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Grab your board – Splash in the Boro ready to unveil new attraction

May 05, 2017

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Everything is on track for the May 20 opening of Splash in the Boro, according to Mike Rollins, director of the Statesboro Bulloch County Parks and Recreation Department.

“If the weather stays good and all the stars are aligned, I think we’ll be successful. If we’re not, I think we’ll be very close,” he said.

That’s good news for locals, and for people from the surrounding area as well.

The attraction, located at Mill Creek Regional Park, 1388 Highway 24 East in Statesboro, has been undergoing a $5.7 million expansion. Included in that is a 19, 500-square-foot-wave pool, designed for people of all ages. The front entrance has also been redesigned, and the entry road rerouted, in addition to new concessions and restroom areas. A new winter bathhouse will provide needed additional space. 

The wave pool is the largest portion of the expansion project, totaling around $4.3 million. Rollins said it will increase the capacity of the park by about 30 percent.

“It will allow us to bring a lot more people into the park, especially on Saturday, which is our peak day,” he added. The new features in this phase of expansion will also add about 70 new part-time jobs.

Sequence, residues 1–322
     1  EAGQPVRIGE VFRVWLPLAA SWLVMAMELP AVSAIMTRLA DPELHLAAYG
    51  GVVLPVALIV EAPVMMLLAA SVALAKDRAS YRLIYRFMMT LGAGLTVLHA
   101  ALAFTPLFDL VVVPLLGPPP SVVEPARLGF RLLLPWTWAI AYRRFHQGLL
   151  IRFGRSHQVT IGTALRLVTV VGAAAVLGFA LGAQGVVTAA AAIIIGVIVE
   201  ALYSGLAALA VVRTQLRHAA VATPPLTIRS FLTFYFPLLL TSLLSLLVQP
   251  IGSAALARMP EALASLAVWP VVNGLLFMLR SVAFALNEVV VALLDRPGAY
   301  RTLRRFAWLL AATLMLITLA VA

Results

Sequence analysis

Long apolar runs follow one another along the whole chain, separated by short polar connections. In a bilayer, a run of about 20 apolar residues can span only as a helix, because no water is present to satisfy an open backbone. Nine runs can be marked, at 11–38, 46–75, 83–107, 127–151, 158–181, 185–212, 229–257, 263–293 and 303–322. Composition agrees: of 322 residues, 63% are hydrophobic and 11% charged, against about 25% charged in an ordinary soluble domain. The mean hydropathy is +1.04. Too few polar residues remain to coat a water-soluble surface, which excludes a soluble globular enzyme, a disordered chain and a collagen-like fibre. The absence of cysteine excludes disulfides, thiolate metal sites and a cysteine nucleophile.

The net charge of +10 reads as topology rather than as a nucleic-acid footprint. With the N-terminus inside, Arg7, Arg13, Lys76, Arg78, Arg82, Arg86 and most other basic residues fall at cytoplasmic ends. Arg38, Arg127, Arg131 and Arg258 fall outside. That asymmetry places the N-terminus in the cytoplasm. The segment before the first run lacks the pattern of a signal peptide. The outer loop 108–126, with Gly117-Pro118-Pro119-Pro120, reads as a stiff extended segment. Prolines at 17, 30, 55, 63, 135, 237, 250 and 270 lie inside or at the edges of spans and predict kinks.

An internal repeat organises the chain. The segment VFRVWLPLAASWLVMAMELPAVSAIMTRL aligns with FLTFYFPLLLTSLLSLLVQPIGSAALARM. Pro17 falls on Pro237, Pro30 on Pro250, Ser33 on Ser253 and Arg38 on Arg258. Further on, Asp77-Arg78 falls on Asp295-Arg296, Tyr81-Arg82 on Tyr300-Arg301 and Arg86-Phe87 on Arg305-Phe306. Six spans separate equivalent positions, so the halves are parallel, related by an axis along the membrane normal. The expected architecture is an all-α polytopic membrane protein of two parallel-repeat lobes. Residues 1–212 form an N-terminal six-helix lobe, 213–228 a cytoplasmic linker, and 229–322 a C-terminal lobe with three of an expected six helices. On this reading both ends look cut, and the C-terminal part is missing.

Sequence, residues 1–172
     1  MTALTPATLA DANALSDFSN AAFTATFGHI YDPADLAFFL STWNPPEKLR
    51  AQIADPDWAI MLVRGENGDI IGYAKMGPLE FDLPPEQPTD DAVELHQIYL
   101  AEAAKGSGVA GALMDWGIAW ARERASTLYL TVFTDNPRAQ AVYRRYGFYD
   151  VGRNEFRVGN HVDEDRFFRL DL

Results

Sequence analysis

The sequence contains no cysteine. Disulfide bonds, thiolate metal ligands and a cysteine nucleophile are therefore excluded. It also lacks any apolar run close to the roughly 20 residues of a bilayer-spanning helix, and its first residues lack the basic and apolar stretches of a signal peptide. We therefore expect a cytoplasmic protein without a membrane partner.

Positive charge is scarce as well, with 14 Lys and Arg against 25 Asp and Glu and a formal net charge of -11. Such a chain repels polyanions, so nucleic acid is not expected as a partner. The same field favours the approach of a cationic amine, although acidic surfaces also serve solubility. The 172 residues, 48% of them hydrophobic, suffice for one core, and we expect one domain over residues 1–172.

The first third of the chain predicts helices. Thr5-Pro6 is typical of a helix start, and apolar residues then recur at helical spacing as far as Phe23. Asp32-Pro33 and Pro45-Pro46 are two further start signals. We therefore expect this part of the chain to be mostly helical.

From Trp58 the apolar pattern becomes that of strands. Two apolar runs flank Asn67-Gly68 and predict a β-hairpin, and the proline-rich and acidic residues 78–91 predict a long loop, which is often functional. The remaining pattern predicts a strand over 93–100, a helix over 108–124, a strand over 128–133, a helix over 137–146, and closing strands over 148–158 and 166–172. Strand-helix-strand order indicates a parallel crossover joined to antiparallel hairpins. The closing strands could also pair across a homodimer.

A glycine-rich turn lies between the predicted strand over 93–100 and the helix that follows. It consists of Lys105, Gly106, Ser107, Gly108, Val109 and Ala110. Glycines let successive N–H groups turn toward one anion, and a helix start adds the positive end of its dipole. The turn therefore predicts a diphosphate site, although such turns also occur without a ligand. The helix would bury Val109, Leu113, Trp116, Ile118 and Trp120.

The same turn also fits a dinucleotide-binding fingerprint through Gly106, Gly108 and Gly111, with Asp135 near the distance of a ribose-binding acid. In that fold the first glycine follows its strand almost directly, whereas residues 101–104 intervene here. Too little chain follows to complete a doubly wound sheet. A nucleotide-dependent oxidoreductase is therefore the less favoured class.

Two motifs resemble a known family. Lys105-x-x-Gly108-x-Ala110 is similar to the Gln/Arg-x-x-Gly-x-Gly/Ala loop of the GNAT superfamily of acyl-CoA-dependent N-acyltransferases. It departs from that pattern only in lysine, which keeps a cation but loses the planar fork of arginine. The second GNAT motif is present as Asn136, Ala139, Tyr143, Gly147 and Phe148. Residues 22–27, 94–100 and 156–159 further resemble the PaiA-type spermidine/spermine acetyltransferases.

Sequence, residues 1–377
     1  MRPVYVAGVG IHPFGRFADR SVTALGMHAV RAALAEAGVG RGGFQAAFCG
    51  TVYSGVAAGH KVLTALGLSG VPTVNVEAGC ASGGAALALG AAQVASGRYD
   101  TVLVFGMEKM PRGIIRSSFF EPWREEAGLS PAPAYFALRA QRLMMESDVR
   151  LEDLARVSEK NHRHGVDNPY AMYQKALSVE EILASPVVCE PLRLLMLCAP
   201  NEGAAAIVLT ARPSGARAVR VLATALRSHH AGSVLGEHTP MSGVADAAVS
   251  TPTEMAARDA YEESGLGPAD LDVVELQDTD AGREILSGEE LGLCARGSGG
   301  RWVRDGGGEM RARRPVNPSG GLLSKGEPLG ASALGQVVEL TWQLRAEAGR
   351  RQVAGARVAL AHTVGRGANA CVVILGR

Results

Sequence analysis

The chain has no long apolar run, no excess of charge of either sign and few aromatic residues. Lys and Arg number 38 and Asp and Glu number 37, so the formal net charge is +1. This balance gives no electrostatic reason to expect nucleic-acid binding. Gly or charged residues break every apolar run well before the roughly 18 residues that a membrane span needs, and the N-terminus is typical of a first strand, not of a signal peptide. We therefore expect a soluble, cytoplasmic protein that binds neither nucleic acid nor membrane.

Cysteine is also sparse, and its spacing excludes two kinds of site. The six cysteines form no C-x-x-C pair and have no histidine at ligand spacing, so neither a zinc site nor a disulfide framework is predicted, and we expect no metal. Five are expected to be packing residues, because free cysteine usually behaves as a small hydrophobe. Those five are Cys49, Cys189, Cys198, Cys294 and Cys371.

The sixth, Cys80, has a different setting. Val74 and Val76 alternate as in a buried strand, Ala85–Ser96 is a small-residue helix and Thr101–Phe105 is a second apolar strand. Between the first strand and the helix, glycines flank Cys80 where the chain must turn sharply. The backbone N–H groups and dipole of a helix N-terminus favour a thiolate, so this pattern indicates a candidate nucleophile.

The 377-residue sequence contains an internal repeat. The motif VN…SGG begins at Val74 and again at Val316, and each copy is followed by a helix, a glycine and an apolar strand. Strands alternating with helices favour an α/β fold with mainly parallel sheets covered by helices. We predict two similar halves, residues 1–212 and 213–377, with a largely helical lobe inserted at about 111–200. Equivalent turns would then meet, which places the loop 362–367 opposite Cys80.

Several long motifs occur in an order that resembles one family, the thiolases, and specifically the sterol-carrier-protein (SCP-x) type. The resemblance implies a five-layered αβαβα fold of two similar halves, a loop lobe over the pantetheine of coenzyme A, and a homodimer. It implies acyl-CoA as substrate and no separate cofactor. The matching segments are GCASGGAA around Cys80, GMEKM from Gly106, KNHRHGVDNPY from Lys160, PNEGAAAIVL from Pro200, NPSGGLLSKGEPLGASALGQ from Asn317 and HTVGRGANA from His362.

The park also features attractions for people of all ages such as the lazy river, water slides, pools, a snack shack and a sandwich shop.

The redesign of the entrance was crucial, Rollins said. The previous modification of that area of the park was in 2008-2009, when a new ticket area was added.

“But we were still very compact in there because of the roadway, so we chose as part of this phase of construction to redo that front roadway, and create more area in the front of the facility,” he said.

On heavy days, that area becomes very congested, with spillover close to the roadway, which is a potentially dangerous situation.

“We felt like it was important to spend some of our resources on redoing that front entry,” Rollins said.  He added that a large transformer in that area had to be moved as part of that process, and although it was expensive, it was worth it for the safety of park patrons.

Over the years, as the park has expanded, so has the need for more staff. Splash employs about 200 lifeguards annually, Rollins said, and the staff had nowhere to go during a shift change. They had used a tent at one time. The expansion at the dome/bathhouse will provide the needed space.

“(A tent) works for a little while, but sometimes you have people who need to get in out of the sun, and even with our patrons, we didn’t have a great place to do first aid. This addition will give us a place to do indoor birthday parties during the winter months, and even during the summer. Also, staff training, training them on software systems, getting them certified and trained to do lifesaving. It requires a lot of time and energy and a location. If you don’t have an indoor location, you’re in trouble,” he said.

Splash is open about 70 to 75 hours a week during the season, which runs from the weekend before Memorial Day through the first week of August, and then just on weekends through the Labor Day weekend.